Photo: Courtesy Of Mark Daniel
NEW HAVEN — A strong sampling of the area’s musical talent will be upstairs at the nightlife complex called Terminal 110 on Thursday at 8 p.m. when the three-day Elm City Music Fest kicks off with a party.
You don’t have to be a musician to attend the performances at the music fest, which are free, said organizer Brian Cronin. But much of the fest is for musicians, who can benefit from VIP networking parties, educational panels, workshops and vendors assembled by Horizon Music Group and Mirror Image Media.
Friday and Saturday afternoon will bring those, with topics such as “Real Marketing: How to Use Your Brand to Gain Fan Engagement,” “Building Your Team,” “Getting Exposure: How to Gain Press, Radio, PR Attention” and “How to Write the Perfect Song: Workshop by Dr. Louis DiLise.”
Cronin said the weekend keynote speaker, Lou Plaia of Reverbnation, will have an “interview-style presentation” moderated by Mark Zaretsky (of the Register and the group The Cobalt Rhythm Kings).
As for the entertainment, there’s no shortage of talent in the house on three stages evenings at Terminal 110 and also at Olives and Oil at Crown and Temple streets, Elm City Social on College Street, Brother Jimmy’s BBQ on Crown Street and at their new venue, the Rec Room, Cronin said.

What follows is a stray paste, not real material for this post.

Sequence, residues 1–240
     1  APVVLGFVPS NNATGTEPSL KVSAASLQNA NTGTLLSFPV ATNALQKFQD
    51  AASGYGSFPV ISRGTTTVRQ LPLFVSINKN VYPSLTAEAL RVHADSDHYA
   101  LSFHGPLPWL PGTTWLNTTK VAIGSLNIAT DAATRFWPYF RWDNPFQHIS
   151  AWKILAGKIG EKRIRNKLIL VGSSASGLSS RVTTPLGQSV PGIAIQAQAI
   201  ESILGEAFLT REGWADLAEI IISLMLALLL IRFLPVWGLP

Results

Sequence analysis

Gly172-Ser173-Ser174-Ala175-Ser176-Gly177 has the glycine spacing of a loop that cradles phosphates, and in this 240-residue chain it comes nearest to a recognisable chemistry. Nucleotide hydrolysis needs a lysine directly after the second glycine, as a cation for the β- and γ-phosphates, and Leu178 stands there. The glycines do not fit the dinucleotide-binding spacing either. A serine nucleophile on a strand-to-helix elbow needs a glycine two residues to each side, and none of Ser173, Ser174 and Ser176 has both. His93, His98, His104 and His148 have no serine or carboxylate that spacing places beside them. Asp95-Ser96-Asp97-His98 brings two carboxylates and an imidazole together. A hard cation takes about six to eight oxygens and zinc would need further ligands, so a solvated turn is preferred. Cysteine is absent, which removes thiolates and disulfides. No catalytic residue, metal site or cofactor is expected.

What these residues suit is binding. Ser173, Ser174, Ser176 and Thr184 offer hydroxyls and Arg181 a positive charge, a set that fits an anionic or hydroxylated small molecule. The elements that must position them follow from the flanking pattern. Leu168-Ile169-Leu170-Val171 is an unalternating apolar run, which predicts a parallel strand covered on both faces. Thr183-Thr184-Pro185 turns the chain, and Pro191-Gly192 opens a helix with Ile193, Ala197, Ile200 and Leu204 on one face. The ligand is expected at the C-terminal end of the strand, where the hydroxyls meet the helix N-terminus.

E. Joseph and the Sparrows will perform, as will Jeffrey Gaines and Seth Adam (9 p.m. Saturday at Olives and Oil for Adam), according to the fest’s Facebook page. A full schedule was not released.
In an email to the Register, Mark Daniels of Milford said he will be playing with his band, the Free Radicals, at 8 p.m. Saturday at Brother Jimmy’s BBQ.
“I’ve been recording and touring the USA for over 15 years, appeared on multiple albums and tours, am a former Berklee College of Music student and will be releasing my new solo album around the holidays,” Daniels said. “The album features session drumming legend Mickey Curry (Bryan Adams, Hall & Oates, Eric Clapton) and Marc Hickox on bass (blues legend Charlie Musselwhite) and was in large part recorded in Connecticut.”